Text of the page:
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Surf lifesavers return to the beach for 2014/15 patrol season

More than 8,000 volunteer surf lifesavers across Queensland will return to the state’s beaches this Saturday (20 September) when Surf Life Saving Queensland (SLSQ) kicks off its 2014/15 patrol season.

The season launch will see surf lifesavers from Forrest Beach right down to Rainbow Bay raise the red and yellow flags on Queensland beaches every weekend and public holiday until April 2015.

SLSQ chief operating officer George Hill is expecting huge crowds on local beaches this summer and, with that in mind, he urged swimmers to “put safety first” when venturing into the ocean.

“The summer months are obviously a great time to head down to the beach with family and friends, but it’s important that people don’t lose sight of their own personal safety in the process,” Mr Hill said.

“When the sun’s out and the beaches are busy, it’s really important that people follow the advice of lifesavers and lifeguards, and only swim at patrolled beaches and between the red and yellow flags.

“Just one silly mistake, or a moment of madness, can have tragic and long-term consequences, not just for the individuals involved but also their family and friends as well.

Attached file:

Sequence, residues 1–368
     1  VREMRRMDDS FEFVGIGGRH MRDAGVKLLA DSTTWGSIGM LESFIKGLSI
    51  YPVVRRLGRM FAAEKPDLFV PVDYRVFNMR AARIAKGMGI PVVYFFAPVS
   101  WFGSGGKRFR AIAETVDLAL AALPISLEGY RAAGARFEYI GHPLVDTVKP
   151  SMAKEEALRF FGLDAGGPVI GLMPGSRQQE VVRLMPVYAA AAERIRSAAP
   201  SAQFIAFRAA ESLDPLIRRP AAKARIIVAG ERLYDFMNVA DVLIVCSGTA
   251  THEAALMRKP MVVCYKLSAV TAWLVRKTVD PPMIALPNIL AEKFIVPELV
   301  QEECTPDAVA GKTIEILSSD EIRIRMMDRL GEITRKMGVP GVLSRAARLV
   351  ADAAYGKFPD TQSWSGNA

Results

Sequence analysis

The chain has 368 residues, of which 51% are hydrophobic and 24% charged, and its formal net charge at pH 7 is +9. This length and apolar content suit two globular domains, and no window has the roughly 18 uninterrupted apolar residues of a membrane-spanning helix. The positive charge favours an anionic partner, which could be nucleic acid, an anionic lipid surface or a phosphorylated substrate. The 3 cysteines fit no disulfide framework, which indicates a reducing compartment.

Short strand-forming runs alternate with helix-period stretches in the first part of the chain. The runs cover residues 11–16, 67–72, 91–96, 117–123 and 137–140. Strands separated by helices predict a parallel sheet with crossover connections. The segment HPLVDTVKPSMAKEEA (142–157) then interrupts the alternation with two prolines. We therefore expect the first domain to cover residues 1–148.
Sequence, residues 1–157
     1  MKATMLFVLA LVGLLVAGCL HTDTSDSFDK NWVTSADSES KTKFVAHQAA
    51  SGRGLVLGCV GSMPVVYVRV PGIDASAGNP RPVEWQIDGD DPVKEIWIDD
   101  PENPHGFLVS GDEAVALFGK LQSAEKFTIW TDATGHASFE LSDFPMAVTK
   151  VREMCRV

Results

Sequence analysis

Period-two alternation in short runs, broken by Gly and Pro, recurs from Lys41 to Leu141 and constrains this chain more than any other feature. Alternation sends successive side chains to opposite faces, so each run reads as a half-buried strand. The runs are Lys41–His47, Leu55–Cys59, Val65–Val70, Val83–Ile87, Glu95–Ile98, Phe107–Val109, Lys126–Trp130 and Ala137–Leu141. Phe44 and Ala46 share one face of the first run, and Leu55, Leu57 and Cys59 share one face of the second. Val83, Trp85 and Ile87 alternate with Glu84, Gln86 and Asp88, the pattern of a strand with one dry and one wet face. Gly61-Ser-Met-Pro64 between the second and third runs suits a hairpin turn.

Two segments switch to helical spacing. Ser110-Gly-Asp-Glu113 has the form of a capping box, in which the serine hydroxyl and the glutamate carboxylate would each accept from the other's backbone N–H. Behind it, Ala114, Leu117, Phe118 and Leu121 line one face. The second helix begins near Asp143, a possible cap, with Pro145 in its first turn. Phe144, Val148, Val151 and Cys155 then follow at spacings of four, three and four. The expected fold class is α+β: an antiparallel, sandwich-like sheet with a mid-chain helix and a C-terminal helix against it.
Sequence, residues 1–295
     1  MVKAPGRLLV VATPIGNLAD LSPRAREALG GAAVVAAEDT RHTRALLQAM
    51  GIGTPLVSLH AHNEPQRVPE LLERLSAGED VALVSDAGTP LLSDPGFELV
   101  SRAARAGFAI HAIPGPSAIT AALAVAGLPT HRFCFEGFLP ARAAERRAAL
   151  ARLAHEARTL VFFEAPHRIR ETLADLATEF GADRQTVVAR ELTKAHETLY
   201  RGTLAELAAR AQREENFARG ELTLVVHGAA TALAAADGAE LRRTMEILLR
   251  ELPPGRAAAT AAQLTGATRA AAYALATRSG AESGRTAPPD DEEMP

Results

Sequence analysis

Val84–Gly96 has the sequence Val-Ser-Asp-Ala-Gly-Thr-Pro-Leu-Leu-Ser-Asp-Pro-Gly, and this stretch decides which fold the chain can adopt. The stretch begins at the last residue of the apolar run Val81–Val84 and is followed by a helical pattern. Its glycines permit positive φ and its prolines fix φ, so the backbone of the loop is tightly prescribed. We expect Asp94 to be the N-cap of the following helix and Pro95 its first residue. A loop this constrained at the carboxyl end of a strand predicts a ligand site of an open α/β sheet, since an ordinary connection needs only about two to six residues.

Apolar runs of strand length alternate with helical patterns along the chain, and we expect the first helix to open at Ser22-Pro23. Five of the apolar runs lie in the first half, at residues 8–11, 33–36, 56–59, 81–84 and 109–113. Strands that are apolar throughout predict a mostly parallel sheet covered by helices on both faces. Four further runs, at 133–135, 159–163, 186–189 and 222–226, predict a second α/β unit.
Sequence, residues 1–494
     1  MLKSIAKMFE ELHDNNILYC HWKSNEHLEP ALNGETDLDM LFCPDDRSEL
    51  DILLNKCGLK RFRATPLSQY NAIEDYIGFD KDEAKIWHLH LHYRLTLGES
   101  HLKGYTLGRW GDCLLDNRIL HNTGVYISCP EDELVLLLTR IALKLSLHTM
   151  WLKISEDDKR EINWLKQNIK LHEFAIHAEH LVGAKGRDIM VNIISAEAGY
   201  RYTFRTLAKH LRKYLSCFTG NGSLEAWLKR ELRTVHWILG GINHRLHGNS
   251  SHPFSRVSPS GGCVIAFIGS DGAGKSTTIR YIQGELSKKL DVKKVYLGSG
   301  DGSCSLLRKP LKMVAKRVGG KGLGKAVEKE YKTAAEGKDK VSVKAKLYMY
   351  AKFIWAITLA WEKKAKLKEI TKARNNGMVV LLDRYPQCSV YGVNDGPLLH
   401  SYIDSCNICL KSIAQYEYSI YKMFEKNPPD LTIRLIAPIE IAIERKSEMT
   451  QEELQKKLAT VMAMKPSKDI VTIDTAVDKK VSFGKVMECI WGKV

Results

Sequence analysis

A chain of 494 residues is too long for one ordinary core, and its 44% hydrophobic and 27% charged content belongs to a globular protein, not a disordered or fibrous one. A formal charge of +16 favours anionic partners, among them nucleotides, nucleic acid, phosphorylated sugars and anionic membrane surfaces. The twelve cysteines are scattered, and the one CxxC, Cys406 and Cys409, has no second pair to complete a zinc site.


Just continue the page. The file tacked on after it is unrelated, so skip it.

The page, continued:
“This summer we’re really encouraging beachgoers look out for their family and friends as well, so everyone remembers their time at the beach for all the right reasons. Always remember, if we can’t see you we can’t save you,” he said.

Last year proved to be a busy year for Queensland’s surf lifesavers, who volunteered more than 350,000 hours to patrol beaches and protect swimmers along the state’s coastline. During this time they performed 118,786 preventative actions, 3,373 first aid treatments and, most importantly, saved some 2,137 lives in the process.

Despite these efforts there were still seven preventable beach-related drownings in Queensland, and SLSQ believes this is seven too many.

“As far as we’re concerned, even one drowning is one too many,” he said.

“As an organisation, our overarching goal is to achieve ‘zero preventable deaths in Queensland waters’ and that’s exactly what we’ll continue to strive towards.”

SLSQ’s Westpac Lifesaver Helicopter Rescue Service will once again be conducting aerial patrols on the Gold Coast, South and North Stradbroke Islands, Amity Point, Moreton Island, Bribie Island and the Sunshine Coast.

In addition, SLSQ operations support will also be out in force across the summer months, supporting patrols with a variety of services including rescue water craft and jet rescue boats for in-water patrolling, increased surveillance via the CoastalCOMS camera network, and a dawn patrol service on the Gold Coast which operates 365 days of the year.

Note: Far North Queensland patrols will continue until late November, after recommencing in March this year, due to the marine stinger season.

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